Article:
I went to Parc, in Rittenhouse Square. It’s one of Stephen Starr’s restaurants, so I had breakfast with him. I’m not a breakfast person, and at that point I was so overfed — I was coming off a 100,000-calorie day, if I were to estimate. But I bravely sat down and had a smoked-salmon tartine with a bit of horseradish crème fraîche on it — and it was really good. If I were going to eat breakfast, that would be my jam.
After that I was hanging out with Adam Erace, and we went to his cute market called Green Aisle. We also had this totally over-the-top poutine at Marc Vetri’s Alla Spina, which was beef-fat French fries with cayenne Hollandaise, a fried egg, mozzarella curds, and guanciale. They did put some chives on it, so that’s going to make it all better, right? A little bit of green to balance it out.
I got home and biked ten miles at the gym and was proud of myself, but that night I went to PDT with Laurent Gras and his wife, Jen, and Laurent had biked 80 miles that day.
Anyway, we had a bunch of drinks and, this is cool, a new hot dog called the 2Pok, which is by Andy Ricker and named for Pok Pok. It’s got their chicken-wing glaze, pickled carrots, and fried shallots on it.
Monday, August 5
I woke up with a huge weekend food hangover. The trick to those kinds of trips where you eat around all weekend and go crazy is you have to come home and hold off for a day — my version of a cleanse.
But the test kitchen had some really good marmalades from Blue Chair in San Francisco, and we tested a cabbage soup from Chris Kostow, the chef at Meadowood in the Napa Valley, and it was the most delicious soup you could imagine.
But that was all I ate during the day. And, for dinner, no hot dogs, no poutine, no alcohol — just salad. Hot-sauce salad. My new trick is I put hot sauce in my salad dressing, instead of mustard. You need a thick hot sauce, and you can make an emulsified salad dressing that’s just a little spicy. I like spicy, so that’s good.
Tuesday, August 6
We’re working on the Thanksgiving issue at Food & Wine, so we’ve been going crazy with turkeys. I wish I could tell you who was working on them, but what I can say is that I’m on day ten of Thanksgiving tasting right now, and I’ve probably eaten enough turkey to take me through 2040.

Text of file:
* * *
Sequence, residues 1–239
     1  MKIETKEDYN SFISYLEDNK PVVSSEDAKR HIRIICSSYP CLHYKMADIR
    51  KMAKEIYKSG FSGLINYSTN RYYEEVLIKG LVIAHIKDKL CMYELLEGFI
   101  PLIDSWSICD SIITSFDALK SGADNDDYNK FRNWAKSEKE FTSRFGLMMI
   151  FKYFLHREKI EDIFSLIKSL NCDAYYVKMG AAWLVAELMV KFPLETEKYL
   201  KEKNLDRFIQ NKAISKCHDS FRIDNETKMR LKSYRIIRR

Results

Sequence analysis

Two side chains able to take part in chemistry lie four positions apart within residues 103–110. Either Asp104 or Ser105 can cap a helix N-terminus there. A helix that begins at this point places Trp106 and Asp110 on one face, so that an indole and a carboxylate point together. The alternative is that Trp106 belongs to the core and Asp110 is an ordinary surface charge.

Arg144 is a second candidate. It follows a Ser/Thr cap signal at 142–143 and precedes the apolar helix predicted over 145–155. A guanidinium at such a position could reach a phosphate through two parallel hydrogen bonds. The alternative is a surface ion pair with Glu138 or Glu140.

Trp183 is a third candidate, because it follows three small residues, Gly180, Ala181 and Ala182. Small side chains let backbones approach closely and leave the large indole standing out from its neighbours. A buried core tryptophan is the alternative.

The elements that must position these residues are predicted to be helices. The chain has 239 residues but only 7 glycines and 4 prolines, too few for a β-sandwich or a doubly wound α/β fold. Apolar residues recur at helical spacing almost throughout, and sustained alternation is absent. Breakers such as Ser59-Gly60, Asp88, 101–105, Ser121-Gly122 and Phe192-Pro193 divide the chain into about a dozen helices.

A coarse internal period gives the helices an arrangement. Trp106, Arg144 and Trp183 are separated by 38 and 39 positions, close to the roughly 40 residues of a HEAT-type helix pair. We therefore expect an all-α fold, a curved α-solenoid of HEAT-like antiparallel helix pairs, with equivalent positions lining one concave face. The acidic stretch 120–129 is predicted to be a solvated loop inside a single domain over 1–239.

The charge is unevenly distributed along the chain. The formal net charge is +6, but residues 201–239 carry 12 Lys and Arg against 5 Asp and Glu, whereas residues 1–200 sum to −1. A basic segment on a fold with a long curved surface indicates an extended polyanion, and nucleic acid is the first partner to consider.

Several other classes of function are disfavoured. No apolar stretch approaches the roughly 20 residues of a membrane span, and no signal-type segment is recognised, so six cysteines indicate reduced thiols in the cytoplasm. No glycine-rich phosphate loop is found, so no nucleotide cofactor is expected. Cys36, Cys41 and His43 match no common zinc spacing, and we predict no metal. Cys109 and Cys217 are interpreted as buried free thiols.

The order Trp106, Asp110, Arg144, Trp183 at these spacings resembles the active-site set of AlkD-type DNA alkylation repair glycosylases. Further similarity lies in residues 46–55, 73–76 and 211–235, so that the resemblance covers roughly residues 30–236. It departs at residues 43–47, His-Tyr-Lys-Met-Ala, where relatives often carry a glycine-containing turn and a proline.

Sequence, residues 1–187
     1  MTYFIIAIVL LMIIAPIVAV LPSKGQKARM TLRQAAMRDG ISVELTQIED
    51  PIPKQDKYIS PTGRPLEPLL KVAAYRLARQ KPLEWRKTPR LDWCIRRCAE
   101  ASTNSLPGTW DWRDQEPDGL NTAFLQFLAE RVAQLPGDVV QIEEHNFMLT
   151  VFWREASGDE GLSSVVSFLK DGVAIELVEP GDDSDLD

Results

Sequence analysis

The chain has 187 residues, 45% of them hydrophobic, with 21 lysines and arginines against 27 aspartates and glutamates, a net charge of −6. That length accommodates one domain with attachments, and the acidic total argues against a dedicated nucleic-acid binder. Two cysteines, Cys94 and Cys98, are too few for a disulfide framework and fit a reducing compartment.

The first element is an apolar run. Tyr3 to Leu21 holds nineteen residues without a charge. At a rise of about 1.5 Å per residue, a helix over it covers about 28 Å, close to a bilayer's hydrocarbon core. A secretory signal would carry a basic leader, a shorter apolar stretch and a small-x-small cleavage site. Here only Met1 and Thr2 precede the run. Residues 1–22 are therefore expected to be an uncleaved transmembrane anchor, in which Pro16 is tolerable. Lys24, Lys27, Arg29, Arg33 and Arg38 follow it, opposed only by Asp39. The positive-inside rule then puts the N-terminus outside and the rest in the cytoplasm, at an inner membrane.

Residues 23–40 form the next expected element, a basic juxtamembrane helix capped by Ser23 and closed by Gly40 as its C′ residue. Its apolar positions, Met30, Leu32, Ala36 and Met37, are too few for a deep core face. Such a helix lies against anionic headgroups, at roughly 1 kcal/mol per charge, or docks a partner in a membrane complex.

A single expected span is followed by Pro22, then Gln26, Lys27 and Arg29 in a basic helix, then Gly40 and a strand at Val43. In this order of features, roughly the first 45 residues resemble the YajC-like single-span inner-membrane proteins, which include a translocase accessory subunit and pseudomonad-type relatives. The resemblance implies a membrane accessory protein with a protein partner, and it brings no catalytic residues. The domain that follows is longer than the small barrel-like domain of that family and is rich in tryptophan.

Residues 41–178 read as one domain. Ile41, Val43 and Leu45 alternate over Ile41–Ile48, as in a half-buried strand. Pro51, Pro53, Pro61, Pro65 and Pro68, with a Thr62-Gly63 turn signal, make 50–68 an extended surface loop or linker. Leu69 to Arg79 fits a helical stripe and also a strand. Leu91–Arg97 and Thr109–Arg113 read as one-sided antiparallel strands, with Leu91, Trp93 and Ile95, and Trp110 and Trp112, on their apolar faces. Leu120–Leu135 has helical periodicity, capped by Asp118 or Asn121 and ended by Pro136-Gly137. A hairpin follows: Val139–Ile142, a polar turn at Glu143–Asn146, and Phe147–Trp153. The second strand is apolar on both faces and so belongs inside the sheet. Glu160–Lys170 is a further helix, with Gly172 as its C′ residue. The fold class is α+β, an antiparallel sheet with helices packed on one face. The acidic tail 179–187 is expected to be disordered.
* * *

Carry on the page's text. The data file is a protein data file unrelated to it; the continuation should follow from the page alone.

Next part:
That night I had dinner with my awesome friends Robin Insley and Doris Choi. First we went to Charlie Bird. I get crushes on restaurants, and Charlie Bird is my big crush right now. The chef, Ryan Hardy, is making some of the best food. It’s such a good time to eat pasta in this city, and he’s making such good pasta. They also have this really good peach-and-prosciutto salad going right now, and if you combine that with their stracciatella, it’s the most magnificent combination.
Then we went to Estela, where I’d shamefully never been before. I had no business eating any more food, but we still got a couple of things. The best thing we had was the mussel escabeche on toast. When you’re not hungry at all and cold seafood can still get your attention, you know that means it must be really good.
Wednesday, August 7
I got to taste the new Shake Shack fries with Dana [Cowin, Food & Wine’s editor-in-chief] — Danny Meyer was there and let us do a side-by-side tasting with the old ones. The tasting was with cheese sauce and ketchup, and, in general, I’m not super snobby on fries, but I was 100 percent into the hand-cut fries. I couldn’t even look at the crinkle-cut fries anymore.
I got their chocolate–peanut butter concrete, too, which has chocolate toffee and sprinkles. So much texture, so delicious.
I said I wasn’t going to eat anything after my French fry–and-concrete feast, but that night I ended up going to Il Buco Alimentari. I thought I knew their menu, but they have this new dish of roasted gnocchi, which were insane. And they have a pomodorini salad, which was heirloom cherry tomatoes and something I had never seen before: cucamelons.
That was it for me, though. The next day Dana and I were having an Instagram photo lesson with Daniel Krieger at the John Dory Oyster Bar — April Bloomfield was the special guest star, and I knew we’d have to order as many pretty dishes as possible, so I wanted to save room.